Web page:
Sixteen-year-old Soulya is championing the cause of WASH in her community, trying to bring about a change one step at a time, and making her way to becoming a role-model in her community.
For an outsider who steps into the slums of Govandi East for the first time, the smell that hits them first. Next they are greeted by the sight of open drainage lines that run on both sides of the slum alleys. While many criticise these conditions, few step in and work towards improving them. The population in Govandi, according to studies, is vulnerable to many health problems because of their proximity to India’s largest dumping ground in Deonar. Issues surrounding Water, Sanitation and Hygiene (WASH) have been in the spotlight for decades, and organizations like Save the Children and Apnalaya have engaged the people in the area through their unique workshops and programmes to create awareness about these.
As a part of WASH4Life programme, Soulya is one of the many youngsters of the community who are determined to act as catalysts of social change, one step at a time. At the tender age of 16, Soulya has strong opinions, and is vocal about the issues in her neighborhood. She was 12 when she first received information about menstruation in the school she studied in.
“The school did educate us about the topic, explaining to us about the changes a girl’s body goes through. But, given the taboos associated with talking about menstruation, our teacher wrapped up the topic quickly. We were taken to a separate class for the session and boys were not a part of it. I think even if boys don’t menstruate, they too should be educated about it,” says Soulya.
She went on to express her disapproval of the custom that women are not allowed to enter the kitchen when they are menstruating. “Is this correct?” she asks. Candid and outspoken during interviews, she continued her story, “I started attending the health sessions at Apnalaya a little after I turned 13. I found their sessions detailed and helpful. They helped us understand the changes in our body during the course of puberty. They promoted menstrual hygiene by teaching us how to use sanitary napkins The ‘teacher didis there are very sensitive to our needs and questions.” Soulya’s parents were not convinced of the need to send their daughter to attend these sessions because of the taboo attached to it. However, she went on to become a trainer herself, encouraging other girls and women from the community to attend these sessions.
“My father did not speak to me for days when I went against his wishes and conducted training sessions. I tried convincing him many times, but he would not budge, and said that such meetings are useless,” Soulya remembers sadly. Her mother also stopped her from undertaking such sessions because of the notions of ‘shame’ and ‘dignity’ attached to them. But she eventually came around, “My mother has now begun to understand what I stand for. Convincing her was tough, but she acknowledges the change it has brought about in all our lives.”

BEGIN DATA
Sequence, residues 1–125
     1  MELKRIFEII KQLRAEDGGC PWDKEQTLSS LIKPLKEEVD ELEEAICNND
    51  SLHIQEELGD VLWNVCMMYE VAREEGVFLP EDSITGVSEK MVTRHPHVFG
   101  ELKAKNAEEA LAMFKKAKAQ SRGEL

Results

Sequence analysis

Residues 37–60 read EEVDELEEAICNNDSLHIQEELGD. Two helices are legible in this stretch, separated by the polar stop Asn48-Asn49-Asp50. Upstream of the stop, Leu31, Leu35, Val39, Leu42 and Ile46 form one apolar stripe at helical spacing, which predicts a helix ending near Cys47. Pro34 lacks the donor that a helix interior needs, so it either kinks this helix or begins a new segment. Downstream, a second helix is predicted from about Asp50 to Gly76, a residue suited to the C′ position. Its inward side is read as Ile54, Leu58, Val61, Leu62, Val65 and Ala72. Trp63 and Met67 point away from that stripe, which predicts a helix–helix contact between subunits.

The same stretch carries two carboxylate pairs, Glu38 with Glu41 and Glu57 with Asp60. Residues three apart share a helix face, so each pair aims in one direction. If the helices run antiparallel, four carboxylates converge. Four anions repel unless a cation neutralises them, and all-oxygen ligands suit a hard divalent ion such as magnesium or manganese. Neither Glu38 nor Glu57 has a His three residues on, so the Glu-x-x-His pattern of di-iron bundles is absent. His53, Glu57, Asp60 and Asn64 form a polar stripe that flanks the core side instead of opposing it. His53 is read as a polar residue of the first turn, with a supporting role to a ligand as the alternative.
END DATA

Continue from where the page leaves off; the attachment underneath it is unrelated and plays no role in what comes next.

It was only when one of the teachers from Apnalaya visited their house and talked to Soulya’s parents that they took her work seriously. “Teacher didi convinced my mother, telling her that I was educating the community and that her daughter would make her proud someday.” The WASH4Life workshop taught Soulya and other youngsters from the area basic photography skills. The youngsters were given cameras at the end of the workshop to click photographs reflecting elements of Water, Sanitation and Hygiene in their surroundings.
“I could not believe my eyes when I saw the photographs. So much filth! Although I was aware that we were living in unhygienic conditions, to see those conditions highlighted in these photographs is disturbing. Most of the illnesses in our community are because of poor sanitation and hygiene. I, along with my friends from the workshop, have thus taken it upon ourselves to educate people in the basic steps towards better hygiene and sanitation,” Soulya proclaims with an air of confidence and determination.
Soulya draws attention to the changes in her own household post the workshop, “Previously, members of my household would wash their hands only with water. Now, they use soap and follow the 10 steps of hand-washing.” She proudly states that her two younger brothers now follow her practices diligently. It will take some time for her parents to completely accept this change. Soulya believes that changing community behavior is a herculean task, “My parents prove that one cannot expect change overnight. Often, my neighbors ask me to mind my own business. They think we are children who do not know anything. For them, a 16-year-old girl must stay indoors and take care of her younger siblings.”
Soulya has had to overcome innumerable such difficulties in her journey. She believes that government agencies must be more responsible, “Health workers and doctors should hold seminars for the community. To the people, that would mean that the government is looking out for them. The people also heed professional advice, and that is a small step towards better health. We also need better and affordable health facilities near the slums so that people don’t have to travel too far.”
There is no stopping Soulya in her efforts, “The girls in the community are spearheading this process, leading by example. The challenge is attitudinal. There is no one-stop solution for these issues. Youngsters from the community have to take responsibility of moving the needle for the community’s progress.”
If you know other child-champions creating an impact as role-models in their community, email Save The Children.